Amazon EC2 Used as Botnet Command and Control
Trend Micro released a report Dec. 9 highlighting what it expects to see as far as security threats in 2010. Among the more interesting predictions -- attacks on cloud infrastructures will increase.
Almost as if on cue, a report surfaced the same day that the Zeus Trojan was observed abusing the Amazon EC2 (Elastic Compute Cloud) for its command and control needs. According to Don DeBolt, CA's director of threat research for its Internet Security Business unit, a server within the Amazon EC2 network was compromised by unknown means and used as the command and control server. Files were placed on the server that bots were programmed to access from across the Internet, he said.
"Zeus Bots would call to the compromised server inside of EC2 to download instructions inside the 'config.bin' file," DeBolt explained. "The Zeus Bot then will post bank account data back to the C&C ... located inside of Amazon ... This shows how aggressive the groups behind malware are today."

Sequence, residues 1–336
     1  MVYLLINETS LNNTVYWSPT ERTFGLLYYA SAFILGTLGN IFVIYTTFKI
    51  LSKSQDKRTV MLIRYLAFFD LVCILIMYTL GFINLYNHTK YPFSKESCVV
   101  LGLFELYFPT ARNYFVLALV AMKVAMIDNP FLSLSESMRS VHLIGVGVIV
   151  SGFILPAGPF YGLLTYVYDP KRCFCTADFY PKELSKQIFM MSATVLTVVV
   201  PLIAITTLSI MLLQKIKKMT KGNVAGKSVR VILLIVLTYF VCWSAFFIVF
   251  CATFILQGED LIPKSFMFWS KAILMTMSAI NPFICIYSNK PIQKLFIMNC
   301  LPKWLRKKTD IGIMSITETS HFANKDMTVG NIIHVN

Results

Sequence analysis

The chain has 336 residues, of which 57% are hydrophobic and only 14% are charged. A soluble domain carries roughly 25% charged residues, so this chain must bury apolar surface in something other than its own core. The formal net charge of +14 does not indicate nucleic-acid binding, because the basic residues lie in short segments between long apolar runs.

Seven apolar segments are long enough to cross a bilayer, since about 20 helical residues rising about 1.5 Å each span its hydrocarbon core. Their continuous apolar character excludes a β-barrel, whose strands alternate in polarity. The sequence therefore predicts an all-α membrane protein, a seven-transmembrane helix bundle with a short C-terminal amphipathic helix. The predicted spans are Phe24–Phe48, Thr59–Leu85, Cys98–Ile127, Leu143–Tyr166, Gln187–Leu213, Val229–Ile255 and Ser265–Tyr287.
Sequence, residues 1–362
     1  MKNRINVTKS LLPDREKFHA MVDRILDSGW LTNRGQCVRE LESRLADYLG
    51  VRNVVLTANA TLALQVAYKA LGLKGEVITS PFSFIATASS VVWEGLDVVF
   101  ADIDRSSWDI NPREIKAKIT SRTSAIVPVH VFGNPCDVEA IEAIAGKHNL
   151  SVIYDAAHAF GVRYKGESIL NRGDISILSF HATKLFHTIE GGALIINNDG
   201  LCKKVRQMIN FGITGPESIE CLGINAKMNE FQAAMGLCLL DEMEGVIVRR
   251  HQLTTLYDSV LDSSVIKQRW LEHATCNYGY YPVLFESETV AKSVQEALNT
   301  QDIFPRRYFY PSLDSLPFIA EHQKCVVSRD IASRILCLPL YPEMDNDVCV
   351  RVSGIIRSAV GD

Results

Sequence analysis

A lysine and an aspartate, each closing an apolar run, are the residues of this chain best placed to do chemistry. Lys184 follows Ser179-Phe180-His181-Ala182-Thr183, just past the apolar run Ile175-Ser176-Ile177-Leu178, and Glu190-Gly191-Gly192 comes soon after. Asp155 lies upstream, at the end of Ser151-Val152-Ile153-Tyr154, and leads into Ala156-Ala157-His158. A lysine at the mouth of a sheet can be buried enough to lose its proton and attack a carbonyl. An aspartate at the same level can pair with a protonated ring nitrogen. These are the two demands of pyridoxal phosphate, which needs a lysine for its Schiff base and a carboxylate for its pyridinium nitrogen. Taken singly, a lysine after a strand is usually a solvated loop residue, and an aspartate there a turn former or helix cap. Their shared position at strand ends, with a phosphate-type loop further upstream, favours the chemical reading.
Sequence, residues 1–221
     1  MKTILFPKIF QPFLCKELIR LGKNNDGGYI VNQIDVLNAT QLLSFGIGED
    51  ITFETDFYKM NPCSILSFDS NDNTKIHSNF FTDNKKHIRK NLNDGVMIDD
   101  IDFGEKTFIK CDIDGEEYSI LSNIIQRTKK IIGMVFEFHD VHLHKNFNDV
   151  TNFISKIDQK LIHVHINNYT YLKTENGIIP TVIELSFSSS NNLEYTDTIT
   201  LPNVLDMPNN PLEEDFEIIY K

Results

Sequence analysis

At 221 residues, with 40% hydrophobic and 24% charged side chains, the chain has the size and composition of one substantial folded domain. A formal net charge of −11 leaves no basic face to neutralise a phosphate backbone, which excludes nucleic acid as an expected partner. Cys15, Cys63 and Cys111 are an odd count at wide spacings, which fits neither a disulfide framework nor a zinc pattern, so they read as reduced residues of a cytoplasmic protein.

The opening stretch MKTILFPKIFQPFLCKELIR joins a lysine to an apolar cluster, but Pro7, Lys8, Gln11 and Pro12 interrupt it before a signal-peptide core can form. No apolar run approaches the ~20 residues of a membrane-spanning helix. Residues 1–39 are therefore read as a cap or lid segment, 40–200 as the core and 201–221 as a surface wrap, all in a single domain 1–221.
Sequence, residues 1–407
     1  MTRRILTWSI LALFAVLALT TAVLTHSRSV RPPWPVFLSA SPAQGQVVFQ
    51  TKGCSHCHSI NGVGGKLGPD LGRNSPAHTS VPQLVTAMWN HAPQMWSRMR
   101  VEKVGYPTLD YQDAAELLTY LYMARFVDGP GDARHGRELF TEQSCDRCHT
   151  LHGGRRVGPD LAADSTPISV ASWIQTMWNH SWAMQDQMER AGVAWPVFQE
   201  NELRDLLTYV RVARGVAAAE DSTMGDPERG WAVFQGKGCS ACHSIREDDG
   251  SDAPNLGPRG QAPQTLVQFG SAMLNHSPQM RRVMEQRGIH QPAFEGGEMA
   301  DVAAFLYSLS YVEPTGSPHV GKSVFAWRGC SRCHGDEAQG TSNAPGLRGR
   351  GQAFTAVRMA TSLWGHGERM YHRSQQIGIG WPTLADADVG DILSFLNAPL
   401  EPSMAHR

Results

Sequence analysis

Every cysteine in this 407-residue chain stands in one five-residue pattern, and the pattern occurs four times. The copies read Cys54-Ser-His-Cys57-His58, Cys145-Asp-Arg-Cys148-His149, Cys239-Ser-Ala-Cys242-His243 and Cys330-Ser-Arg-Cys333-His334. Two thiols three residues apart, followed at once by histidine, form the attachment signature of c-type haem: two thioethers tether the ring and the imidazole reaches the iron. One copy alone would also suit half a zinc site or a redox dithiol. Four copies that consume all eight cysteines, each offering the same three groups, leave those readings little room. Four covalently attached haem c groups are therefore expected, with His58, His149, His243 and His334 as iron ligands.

This isn't the first time attackers have used an unconventional means of controlling their bots. Earlier in 2009, Twitter was used as a C&C. In addition, Symantec found a scheme to use Google groups to send commands to malware.
Though attackers may begin to focus more of their energy on cloud services, to DeBolt, this incident with Amazon.com was likely a case of opportunity knocking.
"Attackers will target any and all vulnerable services they can find on the Internet," he told eWEEK. "The challenge with cloud services is making sure access and application controls are as secure as possible. The fact that the servers and applications are in a remote facility can weaken security if controls are not implemented properly. This year we have also seen Web 2.0 applications like Twitter be used as a C&C point for bots. So any application on the Internet today will be targeted. The more complexity within the application and services offered, the more opportunity there is for exploitation."